Authenticity in the Classroom

posted on October 19, 2018 by Christina Rodriguez, Generation Justice Fellow

Louis Gonzales head shot

“We’re not teaching to a test, we’re teaching students to be critical thinkers and problem solvers. We’re teaching them to do something right now, and not wait around until they’re college graduates.”


It’s 2002 in Little Rock, Arkansas. A young soldier from Angie, Louisiana asks this question to 20-something Louis Gonzalez, about to become a Second Lieutenant in the Army.

“Sir, are we going to… am I going to die?”

“I remember kind of being lost in thought with that question,” Gonzalez says now, 15 years later. That was the day when he decided that instead of leading young people into the unknown, he wanted to build them up. He wanted to become a teacher.

He took the risk, moved to Albuquerque, and began to teach.

“Learning is about discovery. You, as a teacher, have to be willing to explore as much as the students do. We have to learn alongside of our students.”

Through his first few years of teaching inside Albuquerque Public Schools, one of the largest school districts in the U.S., Gonzales realized the teachers largely work in isolation. He began to ask deeper questions – What is education? How do you make Shakespeare relevant to a 13 year old? Aren’t there better ways of measuring student achievement?

Feeling unable to innovate and to create, he quickly started losing direction and decided to quit teaching altogether. Maybe become a public defender instead.

Then, a friend told him about ACE Leadership High School. With hesitancy, Gonzalez decided to visit, without bringing a resumé, without expecting a call back, without the expectation that being a teacher was even right for him.

He got the position. It rekindled the fire.

Now, Louis Gonzalez is a teacher at Health Leadership High School, a partner school of ACE, and an Instructional Coach in the Leadership High School Network. For the past six years, Louis has been in the classroom as an expert of Project-Based Learning curriculums.

For the past three years, he has been an Instructional Coach advising administrators, teachers, and students about what it means to be part of a education system that promotes collaboration over isolation.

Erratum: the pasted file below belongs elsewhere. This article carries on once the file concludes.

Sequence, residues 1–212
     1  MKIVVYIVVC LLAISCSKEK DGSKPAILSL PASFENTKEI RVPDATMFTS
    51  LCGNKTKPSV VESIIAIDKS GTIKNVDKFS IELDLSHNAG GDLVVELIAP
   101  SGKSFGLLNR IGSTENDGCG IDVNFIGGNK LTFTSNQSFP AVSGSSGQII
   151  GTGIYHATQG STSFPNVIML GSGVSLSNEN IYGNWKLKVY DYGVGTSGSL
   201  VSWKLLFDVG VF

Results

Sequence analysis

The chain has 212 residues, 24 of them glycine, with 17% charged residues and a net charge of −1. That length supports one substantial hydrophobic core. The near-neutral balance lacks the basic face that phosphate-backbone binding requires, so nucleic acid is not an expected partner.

“You have to have a firm understanding of your practice, your teaching philosophy, and about who you are, when you walk into that classroom with somebody else,” Gonzalez explains.   

At a school like Health Leadership, teachers work in teams and the school is part of a larger network. It exemplifies how teachers can support one another inside the classroom – creating dynamic environments, taking risks, improving their teaching, and exemplifying authentic learning. Gonzalez helps people new to the network to understand that collaboration is key: seeing and working within the styles of other teachers can help to push the envelope.

“I think that we have an opportunity to model what education can be: this 20th century manufacturing-line model doesn’t work anymore. I think that the Leadership School Network schools have that opportunity to show what is possible. The network is a jewel in this city. I can tell you, as a teacher, young people are moving further ahead of what the education model is, and that’s why we need that innovation.”

Gonzalez is filled with light when he talks about teaching. It is hard not to be motivated by his open-mindedness, and the way he talks about teaching as an evolving art form, and something to be perfected. He, himself, offers his authenticity to the classroom.

“We’re not teaching to a test, we’re teaching students to be critical thinkers and problem solvers. We’re teaching them to do something right now, and not wait around until they’re college graduates.”

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